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Proposed law to pave way for cremation services

Bidding farewell to loved ones could become more affordable for those not owning a grave

Photo: Shutterstock.com

Photo: Shutterstock.com

The Cremation Bill, which could make bidding farewells to loved ones more affordable to those not owning a grave, is expected to be presented in Parliament when the House reconvenes after the Christmas break.

There are no crematoria in Malta despite consistent calls for an alternative to traditional forms of burial.

Last month, Health Minister Chris Fearne said the government will be proposing a law to introduce Malta’s first crematorium for humans, spearheaded by Labour MP Rosianne Cutajar.

When contacted, Ms Cutajar said although cremation was not yet offered in Malta, there are “a good number of people” who opt for cremation abroad. Seeking cremation services abroad, which include among others, freight expenses, could reach up to €5,500.

“This means that there is already an interest and I am sure that it will gain popularity as soon as it is introduced,” she said. 

Cremation is a world-known practice and it is found in almost every EU country

Among those who reacted to the news of a Cremation Bill, the Malta Humanist Association insisted that the service should be cheaper than a usual burial, allow for funeral services of up to 300 people and be environmentally-friendly.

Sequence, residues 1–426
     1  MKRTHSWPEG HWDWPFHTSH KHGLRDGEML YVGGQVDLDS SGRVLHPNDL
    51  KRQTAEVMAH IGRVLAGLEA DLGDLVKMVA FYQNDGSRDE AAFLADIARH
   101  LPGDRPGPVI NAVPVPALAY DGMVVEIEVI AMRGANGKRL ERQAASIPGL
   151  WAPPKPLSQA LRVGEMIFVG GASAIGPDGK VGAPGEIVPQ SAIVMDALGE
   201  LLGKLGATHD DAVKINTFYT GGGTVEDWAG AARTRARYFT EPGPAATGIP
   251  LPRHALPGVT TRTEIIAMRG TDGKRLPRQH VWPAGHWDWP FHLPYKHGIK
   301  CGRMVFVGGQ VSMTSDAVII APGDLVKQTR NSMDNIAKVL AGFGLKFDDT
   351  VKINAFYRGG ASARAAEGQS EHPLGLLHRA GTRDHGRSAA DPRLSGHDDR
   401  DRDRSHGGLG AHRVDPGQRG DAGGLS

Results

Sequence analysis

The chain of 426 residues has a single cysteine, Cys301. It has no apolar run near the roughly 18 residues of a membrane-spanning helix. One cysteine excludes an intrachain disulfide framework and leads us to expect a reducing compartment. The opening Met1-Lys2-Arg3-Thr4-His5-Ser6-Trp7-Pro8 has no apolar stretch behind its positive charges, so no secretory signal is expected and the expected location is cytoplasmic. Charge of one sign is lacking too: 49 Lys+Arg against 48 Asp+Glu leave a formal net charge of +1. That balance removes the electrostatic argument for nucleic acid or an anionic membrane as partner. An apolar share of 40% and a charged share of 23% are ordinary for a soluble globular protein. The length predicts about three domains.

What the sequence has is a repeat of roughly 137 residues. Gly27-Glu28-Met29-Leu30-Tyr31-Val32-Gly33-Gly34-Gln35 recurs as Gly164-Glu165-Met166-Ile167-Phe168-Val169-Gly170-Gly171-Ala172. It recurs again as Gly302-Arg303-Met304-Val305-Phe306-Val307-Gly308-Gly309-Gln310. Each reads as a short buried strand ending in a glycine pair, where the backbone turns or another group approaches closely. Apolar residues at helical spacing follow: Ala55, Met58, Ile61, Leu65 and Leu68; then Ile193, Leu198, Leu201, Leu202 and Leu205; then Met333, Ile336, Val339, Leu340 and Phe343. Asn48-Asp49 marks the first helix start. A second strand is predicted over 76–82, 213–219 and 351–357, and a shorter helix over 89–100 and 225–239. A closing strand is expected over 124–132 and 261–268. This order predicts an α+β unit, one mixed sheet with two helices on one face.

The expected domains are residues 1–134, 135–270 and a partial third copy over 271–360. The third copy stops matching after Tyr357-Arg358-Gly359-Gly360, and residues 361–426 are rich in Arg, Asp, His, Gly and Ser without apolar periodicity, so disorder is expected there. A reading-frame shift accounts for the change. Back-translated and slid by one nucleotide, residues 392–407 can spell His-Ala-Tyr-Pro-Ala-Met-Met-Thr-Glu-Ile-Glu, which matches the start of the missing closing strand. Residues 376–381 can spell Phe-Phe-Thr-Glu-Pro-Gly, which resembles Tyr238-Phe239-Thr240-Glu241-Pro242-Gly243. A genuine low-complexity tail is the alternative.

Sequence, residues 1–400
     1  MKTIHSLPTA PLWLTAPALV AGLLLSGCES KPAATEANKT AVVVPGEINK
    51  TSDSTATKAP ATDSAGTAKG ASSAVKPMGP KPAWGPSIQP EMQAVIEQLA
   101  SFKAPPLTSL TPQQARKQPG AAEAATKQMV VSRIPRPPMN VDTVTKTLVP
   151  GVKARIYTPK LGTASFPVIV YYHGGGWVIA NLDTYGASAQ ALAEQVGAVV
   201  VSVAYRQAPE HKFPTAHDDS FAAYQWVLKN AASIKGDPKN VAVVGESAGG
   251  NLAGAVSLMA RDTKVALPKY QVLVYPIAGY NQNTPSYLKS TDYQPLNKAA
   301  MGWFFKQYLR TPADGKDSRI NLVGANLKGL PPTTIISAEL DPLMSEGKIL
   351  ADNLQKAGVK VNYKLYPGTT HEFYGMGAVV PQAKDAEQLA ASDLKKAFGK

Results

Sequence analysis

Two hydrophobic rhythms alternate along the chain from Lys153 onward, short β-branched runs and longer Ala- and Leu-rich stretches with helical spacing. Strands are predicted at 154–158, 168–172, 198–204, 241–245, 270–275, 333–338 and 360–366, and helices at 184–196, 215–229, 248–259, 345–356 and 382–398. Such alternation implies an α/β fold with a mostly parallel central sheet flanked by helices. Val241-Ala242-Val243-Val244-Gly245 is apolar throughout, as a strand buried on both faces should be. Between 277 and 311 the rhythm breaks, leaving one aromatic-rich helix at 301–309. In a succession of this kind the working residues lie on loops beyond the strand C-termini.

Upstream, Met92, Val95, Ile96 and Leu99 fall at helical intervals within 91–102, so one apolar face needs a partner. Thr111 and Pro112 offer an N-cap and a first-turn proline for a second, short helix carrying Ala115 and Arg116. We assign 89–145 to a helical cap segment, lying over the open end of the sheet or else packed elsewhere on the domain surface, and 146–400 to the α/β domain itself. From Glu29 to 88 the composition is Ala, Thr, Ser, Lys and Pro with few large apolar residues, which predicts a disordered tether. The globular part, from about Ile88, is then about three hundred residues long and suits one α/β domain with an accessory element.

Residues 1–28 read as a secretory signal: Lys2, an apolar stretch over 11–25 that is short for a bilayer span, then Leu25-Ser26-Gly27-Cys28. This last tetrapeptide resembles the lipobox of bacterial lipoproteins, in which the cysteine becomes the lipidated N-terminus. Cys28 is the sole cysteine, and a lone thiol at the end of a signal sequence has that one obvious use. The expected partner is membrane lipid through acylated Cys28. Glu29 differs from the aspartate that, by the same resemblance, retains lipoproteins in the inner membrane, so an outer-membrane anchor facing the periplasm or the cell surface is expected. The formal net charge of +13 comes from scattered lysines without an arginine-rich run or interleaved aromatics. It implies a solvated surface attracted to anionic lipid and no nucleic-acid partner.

Noting that she had met with the association, Ms Cutajar said the Bill was aimed at providing a legal framework for cremation. However, it was also taking into consideration new techniques such as alkaline hydrolysis, available in 16 American states.

Nowadays cremations were done in a very environment-friendly way and required no harmful chemicals, Ms Cutajar said.

Asked whether the private sector had expressed interest in setting up facilities, Ms Cutajar said that over the past years people from the private sector had applied with the Planning Authority to build a crematorium. The applications were, obviously, turned down because so far there is no legal framework to regulate cremation.

“I am quite sure that there will be a lot of interest from both the local and foreign private sectors as soon as this private member’s Bill is agreed upon,” she said.

 Ms Cutajar added: “We would like cremation to be a more affordable option because we are aware that owning a grave could be expensive for some.”

The Bill will be presented in Parliament at the beginning of next year.

“Cremation is a world-known practice and it is found in almost every EU country,” Ms Cutajar said.

“I believe that as an EU country we should offer an alternative to the normal burial. Apart from being a personal choice, cremation is more hygienic and helps save ground space, which in our country is already very limited.”

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